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  1. #1
    Join Date
    Jan 2012
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    new construction- "tight" house, hydro air, do I need humidifiers?

    From the few searched threads I've found, there may be as many opinions as there are people:

    I'm having a new home built with walls and ceilings sprayed with open cell insulation. I'm in eastern Massachusetts. The basement has radiant heating, the "ground" and 2nd floors each have a heat exchanger from the boiler. In my previous three furnace heated houses, I've needed humidifiers on the furnaces for the winter. Will I need humidifiers for this house- considering it's a "tight" house?

    Thanks! AL

  2. #2
    Join Date
    Jul 2004
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    If your home is truly tight, then humidification may be unnecessary. I'd recommend you purchase a good instrument of your choice that includes reporting RH%. The DOE states that a tight home with a family of 4 living within will normally generate enough moisture through normal living to eliminate or at least greatly reduce the need for additional humidity. In fact, we're in the throws of installing a whole house dehumidifier for use in winter into a home that has no one living it right now but is experiencing RH% levels of 45% on the first floor and 58% in the finished basement. The is a Nudura concrete home with double insulated (inside and outside) concrete walls and dense foam insulation in the attic. The house is super tight and the need for even more fresh air exchange than we have already installed is evident. The crowning touch on this house is that we have 2 geothermal, standing column well, heat pumps installed and when they both are working (which is rare) the well water pipes, though insulated, are sweating and making the utility room floor very moist.

    This is admittedly a new experience for our company with the exceptional tightness of the home. If there were a fossil fuel system in the house, I'm sure we'd be having a different experience but the high humidity, low system heat temperatures and cold water pipes seem to make for the perfect conditions for endless humidity issues. Thus the WHD to be installed.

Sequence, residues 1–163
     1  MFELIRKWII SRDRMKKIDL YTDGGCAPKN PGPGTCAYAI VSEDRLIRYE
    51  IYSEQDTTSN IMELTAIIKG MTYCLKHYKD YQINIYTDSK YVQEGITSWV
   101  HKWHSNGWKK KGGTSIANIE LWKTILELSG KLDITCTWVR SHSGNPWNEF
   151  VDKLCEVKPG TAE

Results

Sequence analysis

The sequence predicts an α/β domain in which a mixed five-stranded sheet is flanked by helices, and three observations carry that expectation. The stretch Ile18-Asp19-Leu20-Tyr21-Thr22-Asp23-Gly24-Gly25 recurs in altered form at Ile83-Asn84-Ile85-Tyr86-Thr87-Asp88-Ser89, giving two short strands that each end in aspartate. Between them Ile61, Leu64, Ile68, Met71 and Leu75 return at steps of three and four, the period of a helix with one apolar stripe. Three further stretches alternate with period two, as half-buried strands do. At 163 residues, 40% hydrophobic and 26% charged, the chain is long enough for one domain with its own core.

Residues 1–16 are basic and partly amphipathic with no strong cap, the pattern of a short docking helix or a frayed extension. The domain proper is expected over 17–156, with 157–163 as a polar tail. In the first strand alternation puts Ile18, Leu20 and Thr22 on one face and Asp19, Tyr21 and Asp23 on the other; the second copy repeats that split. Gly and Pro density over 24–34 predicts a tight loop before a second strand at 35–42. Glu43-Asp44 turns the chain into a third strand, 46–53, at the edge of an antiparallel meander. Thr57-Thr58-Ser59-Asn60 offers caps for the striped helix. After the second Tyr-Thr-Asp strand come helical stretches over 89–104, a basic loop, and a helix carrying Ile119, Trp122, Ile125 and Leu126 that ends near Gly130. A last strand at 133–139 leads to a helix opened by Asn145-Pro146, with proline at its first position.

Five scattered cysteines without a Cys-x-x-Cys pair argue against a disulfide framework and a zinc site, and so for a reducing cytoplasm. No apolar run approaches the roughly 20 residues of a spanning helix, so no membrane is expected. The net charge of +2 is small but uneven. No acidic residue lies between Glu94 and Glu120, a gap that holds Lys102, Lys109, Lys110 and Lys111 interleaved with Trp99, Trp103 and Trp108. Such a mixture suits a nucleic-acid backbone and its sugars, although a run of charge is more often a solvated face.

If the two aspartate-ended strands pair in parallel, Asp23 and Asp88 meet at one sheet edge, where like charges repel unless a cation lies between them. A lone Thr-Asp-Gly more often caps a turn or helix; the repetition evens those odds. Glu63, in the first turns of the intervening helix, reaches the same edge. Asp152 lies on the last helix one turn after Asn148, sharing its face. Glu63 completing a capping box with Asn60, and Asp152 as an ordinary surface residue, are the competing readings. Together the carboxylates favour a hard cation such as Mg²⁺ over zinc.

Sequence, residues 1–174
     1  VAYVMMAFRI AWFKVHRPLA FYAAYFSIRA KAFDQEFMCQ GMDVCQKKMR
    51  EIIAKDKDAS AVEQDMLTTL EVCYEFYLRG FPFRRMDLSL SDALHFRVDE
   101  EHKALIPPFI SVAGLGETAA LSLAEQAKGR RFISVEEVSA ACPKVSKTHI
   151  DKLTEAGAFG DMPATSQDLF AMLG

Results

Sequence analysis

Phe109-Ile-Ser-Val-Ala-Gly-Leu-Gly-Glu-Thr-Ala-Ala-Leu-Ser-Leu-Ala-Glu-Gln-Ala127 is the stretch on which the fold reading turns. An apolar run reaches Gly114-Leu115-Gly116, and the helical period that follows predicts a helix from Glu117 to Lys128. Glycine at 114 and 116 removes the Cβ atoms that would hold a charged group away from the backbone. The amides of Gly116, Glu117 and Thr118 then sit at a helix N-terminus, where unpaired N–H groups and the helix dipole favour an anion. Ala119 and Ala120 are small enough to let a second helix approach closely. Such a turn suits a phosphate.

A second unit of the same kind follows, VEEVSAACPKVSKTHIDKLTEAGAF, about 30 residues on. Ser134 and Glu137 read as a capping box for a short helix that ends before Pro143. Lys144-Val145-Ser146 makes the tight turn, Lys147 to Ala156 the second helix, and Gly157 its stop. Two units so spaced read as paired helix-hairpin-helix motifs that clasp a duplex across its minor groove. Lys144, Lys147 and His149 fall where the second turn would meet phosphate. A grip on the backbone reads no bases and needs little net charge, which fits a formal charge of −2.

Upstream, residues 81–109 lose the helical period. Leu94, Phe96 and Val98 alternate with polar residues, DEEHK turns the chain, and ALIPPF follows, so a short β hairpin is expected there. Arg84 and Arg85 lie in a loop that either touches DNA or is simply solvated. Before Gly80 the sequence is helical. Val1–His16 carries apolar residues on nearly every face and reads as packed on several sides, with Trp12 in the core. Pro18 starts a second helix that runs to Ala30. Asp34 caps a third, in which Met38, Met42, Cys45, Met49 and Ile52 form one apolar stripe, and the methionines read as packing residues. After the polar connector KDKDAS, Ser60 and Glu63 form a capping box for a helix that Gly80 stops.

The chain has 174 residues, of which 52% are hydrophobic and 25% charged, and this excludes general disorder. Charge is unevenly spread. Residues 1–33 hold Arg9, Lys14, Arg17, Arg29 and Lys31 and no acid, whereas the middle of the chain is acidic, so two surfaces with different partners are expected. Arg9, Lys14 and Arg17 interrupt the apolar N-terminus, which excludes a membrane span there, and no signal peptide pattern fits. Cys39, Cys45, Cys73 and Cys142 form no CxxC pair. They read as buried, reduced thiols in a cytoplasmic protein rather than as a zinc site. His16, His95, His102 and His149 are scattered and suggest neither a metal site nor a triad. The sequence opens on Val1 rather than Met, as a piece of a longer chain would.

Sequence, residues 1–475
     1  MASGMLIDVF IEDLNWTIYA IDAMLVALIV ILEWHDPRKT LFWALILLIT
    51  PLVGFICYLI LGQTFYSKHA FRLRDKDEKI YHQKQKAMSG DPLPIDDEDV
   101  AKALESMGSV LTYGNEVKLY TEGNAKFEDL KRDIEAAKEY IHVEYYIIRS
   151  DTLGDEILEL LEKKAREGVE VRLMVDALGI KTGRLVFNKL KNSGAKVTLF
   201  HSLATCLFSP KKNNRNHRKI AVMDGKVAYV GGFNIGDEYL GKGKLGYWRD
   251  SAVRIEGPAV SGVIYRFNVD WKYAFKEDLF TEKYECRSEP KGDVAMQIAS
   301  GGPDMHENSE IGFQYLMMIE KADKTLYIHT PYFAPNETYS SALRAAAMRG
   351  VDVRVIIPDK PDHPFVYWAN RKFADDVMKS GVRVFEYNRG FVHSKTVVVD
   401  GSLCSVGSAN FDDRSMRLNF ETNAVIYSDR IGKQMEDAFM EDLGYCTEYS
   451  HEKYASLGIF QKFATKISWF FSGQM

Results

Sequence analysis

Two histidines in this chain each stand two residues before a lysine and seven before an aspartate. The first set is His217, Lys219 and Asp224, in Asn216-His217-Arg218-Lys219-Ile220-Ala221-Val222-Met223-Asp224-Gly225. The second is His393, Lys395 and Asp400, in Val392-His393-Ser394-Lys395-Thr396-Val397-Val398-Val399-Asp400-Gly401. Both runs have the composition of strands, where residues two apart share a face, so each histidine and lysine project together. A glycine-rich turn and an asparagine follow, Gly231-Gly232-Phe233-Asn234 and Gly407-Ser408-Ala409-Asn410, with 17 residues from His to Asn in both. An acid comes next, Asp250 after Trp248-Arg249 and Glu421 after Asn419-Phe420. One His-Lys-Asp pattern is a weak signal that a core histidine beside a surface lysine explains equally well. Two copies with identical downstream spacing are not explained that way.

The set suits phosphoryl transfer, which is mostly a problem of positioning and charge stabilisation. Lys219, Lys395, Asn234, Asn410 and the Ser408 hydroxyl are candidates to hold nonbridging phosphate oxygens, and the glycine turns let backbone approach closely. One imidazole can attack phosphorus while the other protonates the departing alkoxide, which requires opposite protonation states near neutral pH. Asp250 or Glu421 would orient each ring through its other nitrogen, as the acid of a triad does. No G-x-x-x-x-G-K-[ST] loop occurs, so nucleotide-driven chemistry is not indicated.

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  3. #3
    Join Date
    Sep 2009
    Arnold mo
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    If your home is super tight & very well insulated, you will certainly need a means to bring in fresh air. The air in a home has to have a means of getting fresh air changes so indoor pollutants do not build to excessive levels. You will also likely need a dehumidifier in summer. This is do to the fact that since your home is so tight & well insulated, your air conditioner will possibly not run enough to dehumidify the air in the home.
    Whether or not you will need a humidifier in winter involves how large the home is, how many occupants are in it, lifestyle choices such as how much cooking is done, whether there is a hot tub, how many indoor live plants you have etc.... Enough moisture can easily be created internally to keep the humidity levels under control, even with fresh air being brought in mechanically.
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